Most people like to think they recognize evil when they see it. But as this gripping story of a 1996 Delaware murder makes clear, most people are wrong. Much more than the profile of a handsome, insidious killer and the young woman he murdered, true-crime veteran Rule's latest is also the story of three close-knit families and how 30-year-old Anne Marie Fahey's death strengthened or destroyed them. When Fahey, the scheduling secretary for Governor Thomas Carper, was reported missing, her relationship with the older, married Capano was known only to a tiny handful of close friends. A prominent lawyer from a powerful local family, Capano had served as a political adviser to local and state officials. But he also had less savory attributes, many revealed during the investigation into Fahey's disappearance and his subsequent murder trial. Fahey was the only woman Capano murdered, but she certainly wasn't his only victim. Both the Faheys and Debby McIntyre, Capano's mistress of 18 years, trusted Rule enough to share details of their lives. Rule (Bitter Harvest, etc.) doesn't betray that trust, nor does she shortchange the Capano family. All those involved emerge as real people whose lives are circumscribed by experience. When Capano's brothers turned state's evidence, revealing their parts in helping dispose of Fahey's body, Capano accused McIntyre of the murder. His ruthlessness, the constancy of the Fahey family and the Capanos' loyalty to Tom (who's now on Delaware's death row) become, in Rule's capable hands, the raw material for a modern-day tragedy. (Oct.)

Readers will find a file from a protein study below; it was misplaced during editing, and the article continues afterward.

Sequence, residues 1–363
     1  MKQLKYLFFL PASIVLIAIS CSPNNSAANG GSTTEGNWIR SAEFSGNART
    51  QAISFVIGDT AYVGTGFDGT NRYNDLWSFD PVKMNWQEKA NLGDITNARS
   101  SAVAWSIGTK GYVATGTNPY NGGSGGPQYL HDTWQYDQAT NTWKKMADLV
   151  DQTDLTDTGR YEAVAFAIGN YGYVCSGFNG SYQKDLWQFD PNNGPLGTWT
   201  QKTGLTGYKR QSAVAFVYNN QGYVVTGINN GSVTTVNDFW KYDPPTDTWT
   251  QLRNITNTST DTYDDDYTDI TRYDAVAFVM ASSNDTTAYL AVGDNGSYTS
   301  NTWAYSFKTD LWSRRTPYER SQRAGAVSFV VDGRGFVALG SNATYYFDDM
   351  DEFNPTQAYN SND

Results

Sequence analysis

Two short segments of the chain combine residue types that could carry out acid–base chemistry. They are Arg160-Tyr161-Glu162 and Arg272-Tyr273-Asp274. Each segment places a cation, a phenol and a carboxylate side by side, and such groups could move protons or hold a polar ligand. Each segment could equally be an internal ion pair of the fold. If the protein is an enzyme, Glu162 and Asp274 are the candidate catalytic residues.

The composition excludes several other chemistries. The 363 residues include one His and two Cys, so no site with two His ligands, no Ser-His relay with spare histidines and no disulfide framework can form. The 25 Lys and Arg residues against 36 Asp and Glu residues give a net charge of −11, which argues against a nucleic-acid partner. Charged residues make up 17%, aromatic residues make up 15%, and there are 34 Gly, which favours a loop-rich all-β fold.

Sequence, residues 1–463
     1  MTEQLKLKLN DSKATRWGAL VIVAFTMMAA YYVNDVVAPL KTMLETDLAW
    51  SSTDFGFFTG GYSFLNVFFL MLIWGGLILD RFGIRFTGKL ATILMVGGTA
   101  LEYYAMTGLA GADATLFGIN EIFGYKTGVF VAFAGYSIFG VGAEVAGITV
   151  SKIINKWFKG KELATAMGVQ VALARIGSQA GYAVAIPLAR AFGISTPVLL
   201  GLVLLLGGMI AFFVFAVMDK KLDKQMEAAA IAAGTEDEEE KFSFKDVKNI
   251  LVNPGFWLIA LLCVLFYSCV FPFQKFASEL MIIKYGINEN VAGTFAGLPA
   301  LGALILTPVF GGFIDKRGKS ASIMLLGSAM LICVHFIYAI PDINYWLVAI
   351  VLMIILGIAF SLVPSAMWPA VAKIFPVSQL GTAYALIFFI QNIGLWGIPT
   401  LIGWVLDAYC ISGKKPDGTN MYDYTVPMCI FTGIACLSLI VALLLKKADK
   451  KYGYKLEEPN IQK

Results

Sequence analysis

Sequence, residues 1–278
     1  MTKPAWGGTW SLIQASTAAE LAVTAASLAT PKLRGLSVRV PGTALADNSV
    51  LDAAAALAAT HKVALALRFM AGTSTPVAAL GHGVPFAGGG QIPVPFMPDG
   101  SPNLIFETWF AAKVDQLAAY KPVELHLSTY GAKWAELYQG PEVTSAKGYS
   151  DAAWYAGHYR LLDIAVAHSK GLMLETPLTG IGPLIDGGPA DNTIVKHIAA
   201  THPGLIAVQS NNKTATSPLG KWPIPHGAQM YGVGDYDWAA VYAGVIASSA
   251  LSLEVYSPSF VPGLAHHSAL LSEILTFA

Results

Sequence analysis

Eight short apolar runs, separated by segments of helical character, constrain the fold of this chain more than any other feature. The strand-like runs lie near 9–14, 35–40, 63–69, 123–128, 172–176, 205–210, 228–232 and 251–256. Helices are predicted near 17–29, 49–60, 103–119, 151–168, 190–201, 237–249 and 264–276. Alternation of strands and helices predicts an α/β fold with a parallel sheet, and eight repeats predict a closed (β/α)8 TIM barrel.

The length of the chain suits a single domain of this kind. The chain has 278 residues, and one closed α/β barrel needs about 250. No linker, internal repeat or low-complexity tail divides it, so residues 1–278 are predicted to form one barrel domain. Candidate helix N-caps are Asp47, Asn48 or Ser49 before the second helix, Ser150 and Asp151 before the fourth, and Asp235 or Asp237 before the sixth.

Copyright 1999 Reed Business Information, Inc. --This text refers to an alternate Hardcover edition.

More About the Author

I am an author of true-crime books, and I'm now working on my 25th and 26th: NO REGRETS and TOO LATE TO SAY GOODBYE. I have lived in the Seattle Area for many years. Before that, I grew up in Michigan and Pennsylvania, and lived in Texas, Oregon, and near Niagara Falls, N.Y. I always wanted to be a police officer--because my grandfather was a sheriff in Michigan. I joined the Seattle Police Department when I was 21, worked a year and a half, but then I couldn't pass the eye test. After five years of rejection slips, I finally sold my first article for $35! Soon, I found my niche when I began writing for the fact-detective magazines like TRUE DETECTIVE in 1970, and I wrote more than a thousand homicide cases, and went to hundreds of trials. My first book, THE STRANGER BESIDE ME, was about Ted Bundy, but, amazingly, I had the book contract to write about an unknown killer six months before Bundy was identified as the "Ted Killer." And I had known him all along, and didn't realize it; he was my partner in the all-night shift at Seattle's Crisis Clinic! Oddly, I started out writing humor, but unless you are Erma Bombeck, Garrison Keillor, or Fanny Flagg or Dave Barry, it's hard to make a living. Now I write humor for fun and for my friends.